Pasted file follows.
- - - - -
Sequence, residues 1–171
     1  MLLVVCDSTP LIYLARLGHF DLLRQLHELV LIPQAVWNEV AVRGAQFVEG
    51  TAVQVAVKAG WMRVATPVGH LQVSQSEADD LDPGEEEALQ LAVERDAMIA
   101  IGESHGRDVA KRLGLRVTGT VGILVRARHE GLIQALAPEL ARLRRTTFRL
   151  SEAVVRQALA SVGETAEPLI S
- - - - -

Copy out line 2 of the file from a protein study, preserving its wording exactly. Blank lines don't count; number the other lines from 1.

     1  MLLVVCDSTP LIYLARLGHF DLLRQLHELV LIPQAVWNEV AVRGAQFVEG